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Review: Bells≥ performs at the Rock and Roll Hotel

Written By | Aug 13, 2014

WASHINGTON, August 13, 2014 – If someone were to look at any promotional material for the band named Bells≥, or even take a cursory glance at their website, it wouldn’t be hard to notice their connection to Jawbox, former D.C. and Dischord luminaries.

The other key R&D component you need when writing about the Bells≥ experience is how exactly to type their band’s name. Fortunately, they’re very helpful on this. They fully understand – and this seems intentional – just how esoteric the band is in general.

Still, Bells≥ doesn’t shy away from their connection to Jawbox, fully embracing it, which is on the surface more than a bit odd. For one, they aren’t really even a D.C. band in the strictest sense. They seem to be adamant about hailing from Brooklyn.

Second, their connection to Jawbox is probably the most tenuous of all the post-Jawbox connections considering that Zach Barocas, their best-known member, is probably the least-known member of that D.C. band.




Whatever the case, it’s not unusual to see Bells≥ associated with Jawbox every time they play in D.C., as occurred again this summer at the Rock and Roll Hotel when they opened for J. Robbins Channels.

The association did seem like an obvious promo tactic, considering Jawbox still has a lot of cachet in the DC Metro area. Yet the connection doesn’t quite ring true when Bells≥ actually starts playing. If they cared about being a bigger deal than they are – and it should be noted that they have no qualms playing free house shows – they’d likely make a few stylistic changes to their basic set up.

Similar to the quirky spelling of their name, Bells≥, up close and personal, is a dramatically esoteric band. It takes a little bit of effort getting used to listening to them during their half hour set, something that mainly has to do with the preconceived notions common to the scene they populate. That’s a roundabout way of explaining that Bells≥ is entirely instrumental band.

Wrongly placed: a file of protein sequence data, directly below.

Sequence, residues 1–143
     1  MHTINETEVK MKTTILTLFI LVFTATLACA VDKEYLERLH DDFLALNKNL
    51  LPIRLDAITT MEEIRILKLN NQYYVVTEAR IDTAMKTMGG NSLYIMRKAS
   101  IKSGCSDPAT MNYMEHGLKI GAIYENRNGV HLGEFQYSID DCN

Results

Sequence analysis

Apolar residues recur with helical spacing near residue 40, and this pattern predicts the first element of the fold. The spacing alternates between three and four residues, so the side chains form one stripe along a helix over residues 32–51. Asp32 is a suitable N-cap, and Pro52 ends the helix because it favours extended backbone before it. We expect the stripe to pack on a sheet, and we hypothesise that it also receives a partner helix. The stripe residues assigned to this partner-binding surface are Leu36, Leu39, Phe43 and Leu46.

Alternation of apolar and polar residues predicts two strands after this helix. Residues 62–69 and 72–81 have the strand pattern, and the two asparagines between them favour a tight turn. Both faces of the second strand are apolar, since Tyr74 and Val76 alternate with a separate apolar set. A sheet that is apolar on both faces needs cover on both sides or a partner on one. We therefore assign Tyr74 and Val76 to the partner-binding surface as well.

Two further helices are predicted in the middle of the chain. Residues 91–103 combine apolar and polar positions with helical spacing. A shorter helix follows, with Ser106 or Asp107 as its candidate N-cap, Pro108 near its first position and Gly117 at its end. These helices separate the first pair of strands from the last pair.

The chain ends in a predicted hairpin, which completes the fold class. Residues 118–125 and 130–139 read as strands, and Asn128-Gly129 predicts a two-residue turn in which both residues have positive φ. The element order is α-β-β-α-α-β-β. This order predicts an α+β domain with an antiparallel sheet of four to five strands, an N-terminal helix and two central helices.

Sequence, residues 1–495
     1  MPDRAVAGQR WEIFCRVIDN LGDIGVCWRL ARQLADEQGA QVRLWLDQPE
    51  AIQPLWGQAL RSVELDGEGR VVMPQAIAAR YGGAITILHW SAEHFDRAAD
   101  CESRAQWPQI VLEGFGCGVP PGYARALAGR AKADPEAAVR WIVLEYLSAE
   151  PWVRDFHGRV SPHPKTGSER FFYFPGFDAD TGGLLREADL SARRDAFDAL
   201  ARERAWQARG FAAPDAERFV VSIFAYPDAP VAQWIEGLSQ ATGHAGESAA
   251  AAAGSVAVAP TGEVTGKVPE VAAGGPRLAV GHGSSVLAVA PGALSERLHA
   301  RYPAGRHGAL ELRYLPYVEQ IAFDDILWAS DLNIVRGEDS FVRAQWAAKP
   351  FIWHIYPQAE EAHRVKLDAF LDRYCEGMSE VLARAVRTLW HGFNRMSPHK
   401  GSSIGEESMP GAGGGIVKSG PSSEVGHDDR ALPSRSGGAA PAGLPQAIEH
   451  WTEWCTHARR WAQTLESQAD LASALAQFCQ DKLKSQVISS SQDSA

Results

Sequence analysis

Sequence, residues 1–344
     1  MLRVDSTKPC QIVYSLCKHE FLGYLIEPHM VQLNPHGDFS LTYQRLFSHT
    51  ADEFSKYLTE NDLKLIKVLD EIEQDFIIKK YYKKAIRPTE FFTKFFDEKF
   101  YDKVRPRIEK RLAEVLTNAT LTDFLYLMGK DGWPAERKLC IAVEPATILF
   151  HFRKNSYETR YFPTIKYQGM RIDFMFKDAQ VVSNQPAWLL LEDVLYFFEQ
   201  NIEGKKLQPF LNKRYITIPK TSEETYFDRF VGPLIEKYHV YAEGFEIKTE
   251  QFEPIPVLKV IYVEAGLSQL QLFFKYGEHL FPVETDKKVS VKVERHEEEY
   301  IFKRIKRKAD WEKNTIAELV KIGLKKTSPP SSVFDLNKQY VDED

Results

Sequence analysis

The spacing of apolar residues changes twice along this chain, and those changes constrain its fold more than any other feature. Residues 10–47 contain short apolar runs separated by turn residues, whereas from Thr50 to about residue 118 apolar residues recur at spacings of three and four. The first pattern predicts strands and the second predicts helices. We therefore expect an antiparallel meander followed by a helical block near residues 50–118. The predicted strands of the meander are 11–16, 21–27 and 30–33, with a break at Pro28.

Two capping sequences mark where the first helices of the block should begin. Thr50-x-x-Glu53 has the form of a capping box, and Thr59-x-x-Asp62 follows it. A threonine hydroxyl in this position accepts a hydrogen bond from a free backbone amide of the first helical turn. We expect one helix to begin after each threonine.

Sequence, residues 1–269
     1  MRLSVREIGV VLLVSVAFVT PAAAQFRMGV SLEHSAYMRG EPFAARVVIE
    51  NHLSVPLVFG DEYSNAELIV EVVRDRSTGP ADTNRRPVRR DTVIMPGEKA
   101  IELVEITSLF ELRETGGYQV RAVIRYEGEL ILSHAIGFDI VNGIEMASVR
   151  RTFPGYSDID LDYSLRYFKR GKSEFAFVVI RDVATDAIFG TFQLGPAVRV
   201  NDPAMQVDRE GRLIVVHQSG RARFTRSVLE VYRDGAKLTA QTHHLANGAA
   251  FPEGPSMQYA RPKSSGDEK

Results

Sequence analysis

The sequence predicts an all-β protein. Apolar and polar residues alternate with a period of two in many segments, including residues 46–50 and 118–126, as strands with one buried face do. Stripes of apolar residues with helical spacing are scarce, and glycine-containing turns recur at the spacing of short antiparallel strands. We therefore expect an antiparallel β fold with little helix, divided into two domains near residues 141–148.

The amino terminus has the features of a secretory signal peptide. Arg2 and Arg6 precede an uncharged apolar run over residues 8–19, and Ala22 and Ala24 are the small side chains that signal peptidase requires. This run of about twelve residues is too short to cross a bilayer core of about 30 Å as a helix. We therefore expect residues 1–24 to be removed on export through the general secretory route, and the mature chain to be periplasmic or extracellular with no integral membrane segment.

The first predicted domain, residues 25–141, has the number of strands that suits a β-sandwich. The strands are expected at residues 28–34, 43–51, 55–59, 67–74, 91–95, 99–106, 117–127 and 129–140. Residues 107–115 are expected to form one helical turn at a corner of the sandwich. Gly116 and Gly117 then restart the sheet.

Joining Barocas in Bells≥ and rounding out the group are guitarists Chris Ernst and Stephen Shodin. But before exploring their music any further, there are a couple of important things one needs to understand when listening to the way they play. That’s because, in some respects, it flies in the face of what many people might currently expect from an instrumental band.

This ensemble is an extremely meticulous band. Everything about their sound and set is tight, and performed with attention to the minutest detail. They make a specific point that there is no improvisation whatever in the way they play, and that’s precisely how their set comes across.

Theirs is a measured performance to the point where it almost functions like clockwork. Bells≥ is still very much indie rock in the way they perform, although one obvious difference it that they have no lyrical hooks to hang on to. Yet, because their sound is so measured, the audience remains continuously engaged.

Much of the fascination has to do with the shifting dynamics in Bells≥’ music. They absolutely have to concentrate on being avant-garde. Otherwise, they would feel like another mid-‘90s emo band that forget to add in the lyrics. At the same time, they have feel organic while putting across both sound and image, which is actually the biggest trick they pull off during their set.

Each of their songs doesn’t build through a verse/chorus/verse structure since there are no words. Instead rely on crafting mini sonic narratives within each song. When they do a specific repeat of a section that occurred earlier in a song, it’s not necessarily because they’re following a specific chart. Instead, they’re going for a noticeable dramatic effect in an attempt to draw the audience even further into the wormhole, a term that best describes each song.

Even more fascinating is that each number never exceeds roughly five minutes in run time. In spite of this, one constantly experiences the sensation that each song lasts much longer than that. Where jam band instrumentals feel endless, Bells≥ grabs hold of the audience and makes them feel as if they’re going on a journey. Bells≥ makes it quite clear that each song will have an ending. The beauty of each, however, is riding allow to see exactly how they’re going to get there.

Bells≥ is a band that will likely never have a wide audience. Their style seems specifically tailored to cultivate a limited following. And that realization is also a part of the reason why, when they play at the Rock and Roll Hotel, the connection to Barocas’ D.C past is played up. It’s important as a tool for getting people in the door.



While Bells≥ may not speak to everyone, they will become quite a distinct presence for anyone who’s been successfully initiated by experiencing the band’s twisting journey of a set.

Stephen Bradley

Stephen Bradley is an avid music listener and an occasional writer. He grew up in the Washington DC area and has been embedded in the local music scene for years. Currently he lives in Vienna, VA. He enjoys bands that have been broken up for at least a decade.